Family Relationships, Household Strategies, and Hypertension Related Factors in Southeast Asian Refugees in the United States

UNCG Author/Contributor (non-UNCG co-authors, if there are any, appear on document)
S. Kayo Robinson (Creator)
The University of North Carolina at Greensboro (UNCG )
Web Site:
Sudha Shreeniwas

Abstract: "This literature review examines existing studies on the Southeast Asian refugee community and their health outcomes, specifically focusing on hypertension risks linked to family relationships, nutrition, and involuntary migration experiences. The reviewed studies found that poor family relationships, change in diet, and experiences of transnational relocation contributed to poorer health. Other factors such as past trauma experience, on-going alienation, day-to-day stressors such as poverty, cultural assimilation, and language barriers caused chronic stress among this group. Chronic stress is linked to hypertension, a risk factor for stroke, cardiovascular disease, and death. Cortisol is a hormone released in the body during times of stress. This biological marker for stress can be analyzed through saliva, blood, urine, as well as hair samples. Hair samples show measurements of long-term exposure to cortisol. Prolonged high levels of cortisol is associated with hypertension. Health beliefs and concepts in Western medicine also play important roles in hypertension risk and behaviors. Yet, the literature review revealed few, if any, studies designed to capture and explain the complexity of these factors and their role in pathways associated with chronic disease prevalence among Southeast Asian refugee newcomer communities. Furthermore, the national-level data available fails to adequately represent intra-group diversity when reporting prevalence for the group. These issues have important implications for planning and implementing culturally tailored health education and awareness outreach to the Southeast Asian population, and for more research aimed at alleviating persistent health and hypertension ethnic disparities."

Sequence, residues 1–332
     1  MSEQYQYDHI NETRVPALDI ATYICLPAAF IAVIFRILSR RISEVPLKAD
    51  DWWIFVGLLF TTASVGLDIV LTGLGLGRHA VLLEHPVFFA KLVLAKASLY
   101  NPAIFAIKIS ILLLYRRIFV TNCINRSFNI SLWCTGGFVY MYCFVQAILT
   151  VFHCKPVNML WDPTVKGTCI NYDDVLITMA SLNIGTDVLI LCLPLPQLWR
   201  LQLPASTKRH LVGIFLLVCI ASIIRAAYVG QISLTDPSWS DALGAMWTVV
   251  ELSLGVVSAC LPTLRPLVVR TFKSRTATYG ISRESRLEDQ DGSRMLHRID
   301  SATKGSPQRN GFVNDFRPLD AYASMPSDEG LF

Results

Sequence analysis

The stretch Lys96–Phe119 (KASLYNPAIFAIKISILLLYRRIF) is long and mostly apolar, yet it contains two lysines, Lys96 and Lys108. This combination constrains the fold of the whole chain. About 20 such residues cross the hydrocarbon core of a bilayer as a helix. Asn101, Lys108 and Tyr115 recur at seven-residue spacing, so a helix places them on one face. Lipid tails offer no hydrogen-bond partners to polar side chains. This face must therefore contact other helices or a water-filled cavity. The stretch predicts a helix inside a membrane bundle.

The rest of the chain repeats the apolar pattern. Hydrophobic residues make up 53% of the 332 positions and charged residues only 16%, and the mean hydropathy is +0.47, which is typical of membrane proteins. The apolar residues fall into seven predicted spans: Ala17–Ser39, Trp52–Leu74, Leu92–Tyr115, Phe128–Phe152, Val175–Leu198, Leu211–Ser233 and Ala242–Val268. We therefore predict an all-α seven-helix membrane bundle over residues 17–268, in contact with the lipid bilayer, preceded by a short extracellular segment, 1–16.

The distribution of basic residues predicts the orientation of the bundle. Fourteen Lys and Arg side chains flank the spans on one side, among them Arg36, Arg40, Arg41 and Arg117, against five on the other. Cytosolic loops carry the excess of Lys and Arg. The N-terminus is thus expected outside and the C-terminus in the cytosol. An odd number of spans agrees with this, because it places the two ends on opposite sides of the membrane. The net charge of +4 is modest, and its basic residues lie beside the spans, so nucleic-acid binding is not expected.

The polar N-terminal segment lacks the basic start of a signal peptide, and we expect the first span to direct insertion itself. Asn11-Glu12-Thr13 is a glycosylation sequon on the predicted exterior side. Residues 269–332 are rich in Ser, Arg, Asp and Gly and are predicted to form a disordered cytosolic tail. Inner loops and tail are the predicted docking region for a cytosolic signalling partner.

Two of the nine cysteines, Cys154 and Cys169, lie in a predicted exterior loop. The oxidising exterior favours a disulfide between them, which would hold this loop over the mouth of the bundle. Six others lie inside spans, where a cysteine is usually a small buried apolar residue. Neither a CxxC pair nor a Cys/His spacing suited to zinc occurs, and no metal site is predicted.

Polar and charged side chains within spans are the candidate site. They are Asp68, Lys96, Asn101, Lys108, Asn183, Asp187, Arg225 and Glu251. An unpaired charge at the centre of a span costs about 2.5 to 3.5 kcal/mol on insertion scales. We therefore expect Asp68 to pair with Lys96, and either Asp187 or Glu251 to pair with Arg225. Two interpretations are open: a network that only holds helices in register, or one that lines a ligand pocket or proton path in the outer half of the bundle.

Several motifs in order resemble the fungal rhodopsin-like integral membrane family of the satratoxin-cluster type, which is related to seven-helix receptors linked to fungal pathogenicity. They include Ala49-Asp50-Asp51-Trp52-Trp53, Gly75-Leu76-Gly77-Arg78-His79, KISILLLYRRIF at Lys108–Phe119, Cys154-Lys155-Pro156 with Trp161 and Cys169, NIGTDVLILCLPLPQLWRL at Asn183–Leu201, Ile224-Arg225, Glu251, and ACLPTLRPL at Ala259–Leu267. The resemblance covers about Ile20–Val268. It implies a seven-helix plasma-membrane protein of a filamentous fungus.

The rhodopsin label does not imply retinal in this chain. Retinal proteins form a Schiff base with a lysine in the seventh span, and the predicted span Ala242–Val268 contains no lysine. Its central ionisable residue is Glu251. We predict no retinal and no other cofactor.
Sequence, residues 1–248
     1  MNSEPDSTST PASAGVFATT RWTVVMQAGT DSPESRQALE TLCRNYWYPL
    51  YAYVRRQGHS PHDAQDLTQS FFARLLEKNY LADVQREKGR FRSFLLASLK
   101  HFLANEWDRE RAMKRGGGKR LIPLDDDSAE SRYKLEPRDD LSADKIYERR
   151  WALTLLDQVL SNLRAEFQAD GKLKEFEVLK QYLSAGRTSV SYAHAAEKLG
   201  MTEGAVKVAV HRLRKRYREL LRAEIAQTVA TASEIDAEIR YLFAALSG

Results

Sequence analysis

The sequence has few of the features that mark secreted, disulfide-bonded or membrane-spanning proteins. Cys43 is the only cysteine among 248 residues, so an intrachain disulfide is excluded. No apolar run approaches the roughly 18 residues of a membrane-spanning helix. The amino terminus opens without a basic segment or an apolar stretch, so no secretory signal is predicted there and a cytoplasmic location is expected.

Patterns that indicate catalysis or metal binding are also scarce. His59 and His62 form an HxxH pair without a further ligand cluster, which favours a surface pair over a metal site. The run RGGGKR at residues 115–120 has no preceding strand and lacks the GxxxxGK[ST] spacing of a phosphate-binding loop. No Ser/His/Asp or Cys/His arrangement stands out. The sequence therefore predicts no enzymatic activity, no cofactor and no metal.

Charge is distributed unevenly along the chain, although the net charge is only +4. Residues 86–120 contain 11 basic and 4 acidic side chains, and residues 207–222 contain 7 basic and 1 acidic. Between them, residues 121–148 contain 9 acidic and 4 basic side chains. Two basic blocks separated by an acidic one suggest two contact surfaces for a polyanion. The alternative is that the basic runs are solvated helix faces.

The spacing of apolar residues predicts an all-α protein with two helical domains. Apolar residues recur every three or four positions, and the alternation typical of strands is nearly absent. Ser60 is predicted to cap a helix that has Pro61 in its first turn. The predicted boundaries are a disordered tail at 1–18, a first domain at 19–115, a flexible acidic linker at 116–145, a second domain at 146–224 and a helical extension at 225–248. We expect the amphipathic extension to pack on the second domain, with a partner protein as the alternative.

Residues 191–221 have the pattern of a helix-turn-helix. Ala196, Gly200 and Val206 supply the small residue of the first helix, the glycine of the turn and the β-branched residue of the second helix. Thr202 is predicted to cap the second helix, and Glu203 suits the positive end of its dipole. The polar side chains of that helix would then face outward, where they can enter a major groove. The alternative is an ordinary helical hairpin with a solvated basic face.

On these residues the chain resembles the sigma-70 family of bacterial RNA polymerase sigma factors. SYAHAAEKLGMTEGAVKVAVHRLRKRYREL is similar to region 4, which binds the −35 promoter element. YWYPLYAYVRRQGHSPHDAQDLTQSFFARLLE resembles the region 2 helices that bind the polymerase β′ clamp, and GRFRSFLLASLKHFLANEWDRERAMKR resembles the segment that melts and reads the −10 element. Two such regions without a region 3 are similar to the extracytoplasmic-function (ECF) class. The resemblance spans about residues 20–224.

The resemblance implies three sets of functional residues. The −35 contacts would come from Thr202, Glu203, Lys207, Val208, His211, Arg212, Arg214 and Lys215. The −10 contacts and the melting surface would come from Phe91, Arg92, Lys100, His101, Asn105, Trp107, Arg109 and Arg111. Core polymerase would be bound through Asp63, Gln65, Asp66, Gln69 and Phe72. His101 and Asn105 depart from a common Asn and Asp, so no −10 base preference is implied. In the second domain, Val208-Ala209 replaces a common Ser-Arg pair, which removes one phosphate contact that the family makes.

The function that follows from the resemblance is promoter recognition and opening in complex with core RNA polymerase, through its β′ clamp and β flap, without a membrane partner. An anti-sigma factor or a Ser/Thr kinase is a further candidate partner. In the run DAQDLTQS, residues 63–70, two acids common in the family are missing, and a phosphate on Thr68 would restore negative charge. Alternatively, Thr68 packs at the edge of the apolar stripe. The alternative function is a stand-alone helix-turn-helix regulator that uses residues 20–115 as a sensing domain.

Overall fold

Additional Information

Honors Project
Language: English
Date: 2015
Southeast, Asian, Refugee, Immigrant, Vietnam, Laos, Hmong, Cambodia, Health, Hypertension, Family, Relationships, Stress, Literature, Review, Synthesis, Reflection, Research, Presentation

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